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This weekend, Tom Purtzer has a chance to claim his first major title. (Photo: PGA of America)
This weekend, Tom Purtzer has a chance to claim his first major title. (Photo: PGA of America)

T.J.'s Take: Many questions remain

By T.J. Auclair, Interactive Producer

ROCHESTER, N.Y. -- Borderline too tough.

That's the way Tom Purtzer, the 36-hole leader at even-par 140 in the 69th Senior PGA Championship after a second-round 3-under-par 69 on Friday, described the conditions players are facing at Oak Hill Country Club.

But make no mistake, Purtzer's not complaining as he sits one shot clear of his good friend and 2006 Senior PGA Champion Jay Haas, as well as Japan's Massy Kuramoto at the midway point.

Jay Haas is still looking for his first win in 2008. (Martin/Getty Images)
Jay Haas is still looking for his first win in 2008. (Martin/Getty Images)

"Usually the PGA is friendlier to us than the USGA, but not this week," joked Purtzer, who birdied No. 9, his last hole of the day, for the lead. "I mean, it's really brutal and I just feel fortunate to be here. Obviously everybody's got two rounds left to play, a lot of things can happen. But I feel pretty good about what I'm doing. So we'll just see what happens."

There won't be much slip-up room for the 56-year-old Purtzer. Aside from Haas and Kuramoto, major champions Mark O'Meara and Bernhard Langer are just two behind, while hometown favorite Jeff Sluman is three back at 3 over.

So what are we to make of this puzzling leaderboard that has more questions than answers? There are 19 players -- Tim Simpson (4 over), Joey Sindelar, Bruce Fleisher, Andy Bean, Craig Stadler, Greg Norman and Scott Hoch (all at 5 over) included -- within five shots of the lead, which means it's sure to be a shootout on the weekend.

Scoring has been nearly impossible thus far. There have only been eight sub-par rounds through 36 holes, with seven of those coming in the second round. A staggering 84 players made the cut, which fell at an eye-popping 12 over par -- the highest cut since 13 over at PGA National in 1990.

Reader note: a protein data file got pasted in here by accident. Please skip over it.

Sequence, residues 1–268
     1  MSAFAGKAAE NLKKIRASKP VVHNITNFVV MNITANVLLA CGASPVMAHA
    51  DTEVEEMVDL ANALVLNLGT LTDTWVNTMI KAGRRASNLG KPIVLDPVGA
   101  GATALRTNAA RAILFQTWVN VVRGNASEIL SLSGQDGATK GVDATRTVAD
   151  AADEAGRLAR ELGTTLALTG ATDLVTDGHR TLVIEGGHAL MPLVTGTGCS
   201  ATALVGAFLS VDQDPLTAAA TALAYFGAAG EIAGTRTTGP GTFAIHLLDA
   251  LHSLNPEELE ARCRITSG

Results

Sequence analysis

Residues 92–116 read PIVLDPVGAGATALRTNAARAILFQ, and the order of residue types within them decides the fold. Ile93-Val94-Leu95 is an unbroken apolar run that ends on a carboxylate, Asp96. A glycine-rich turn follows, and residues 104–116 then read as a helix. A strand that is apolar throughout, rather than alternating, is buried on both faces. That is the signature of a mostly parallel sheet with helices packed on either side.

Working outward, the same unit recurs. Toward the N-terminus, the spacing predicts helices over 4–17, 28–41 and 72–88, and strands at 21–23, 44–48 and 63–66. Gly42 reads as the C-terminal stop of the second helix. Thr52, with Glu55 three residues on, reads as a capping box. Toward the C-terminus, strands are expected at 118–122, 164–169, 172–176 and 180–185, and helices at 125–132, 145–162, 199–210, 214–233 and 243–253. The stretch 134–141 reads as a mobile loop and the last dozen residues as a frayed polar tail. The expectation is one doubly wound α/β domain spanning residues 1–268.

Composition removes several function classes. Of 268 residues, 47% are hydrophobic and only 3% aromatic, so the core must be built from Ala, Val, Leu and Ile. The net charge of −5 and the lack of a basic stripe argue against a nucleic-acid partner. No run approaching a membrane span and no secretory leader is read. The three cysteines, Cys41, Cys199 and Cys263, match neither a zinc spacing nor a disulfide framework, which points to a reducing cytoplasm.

"I remember my first venture into major championship golf 30 years ago, 25 years ago, and the cuts were high -- 7, 8, 9 10 over par," Haas said. "That to me is championship golf."

Purtzer's remarkable play came as somewhat of a surprise, even to him. In 11 starts on the Champions Tour this season, Purtzer's best finish was a solo fifth at the season-opening MasterCard Championship. And in his last five starts, there aren't any finishes that truly jump out at you.

"He's one of my best buddies out here," Haas said of Purtzer. "I saw him in front of me and it looked like he was really playing well. By his own admission I think he'd say he hasn't played that well recently, but he went to see Butch [Harmon] a few weeks ago and it looks to me like he's going to hit a good shot every time. It's a beautiful swing he has."

"I feel like this is the first time all year that my swing has felt comfortable," said Purtzer, a five-time winner on the PGA Tour and four-time Champions Tour winner. "So I'm cautiously optimistic about the weekend."

With weather conditions expected to be better on the weekend -- warmer temperatures and little wind -- could Oak Hill be more scoreable? Possibly, but so much depends on keeping the ball in the fairway with the rough spelling big-time trouble.

"Somebody spread the rumor that they cut the rough today," Haas said. "I don't think they did. I won't say it's too tough, but you can't get many balls on the green from the rough."

And that's why you've got to look out for Purtzer. Of the 153 players who completed two rounds, Purtzer ranked fifth in driving distance, 118th in fairways hit, seventh in greens in regulation and 20th in putts.

So if Oak Hill truly is "borderline too tough," with its tight fairways and menacing rough, how is it that the man who finds himself atop the pack as the unlikely leader has hit less than half of his fairways (42.9 percent)?

"It's hard to make par if you miss the fairway," Purtzer said.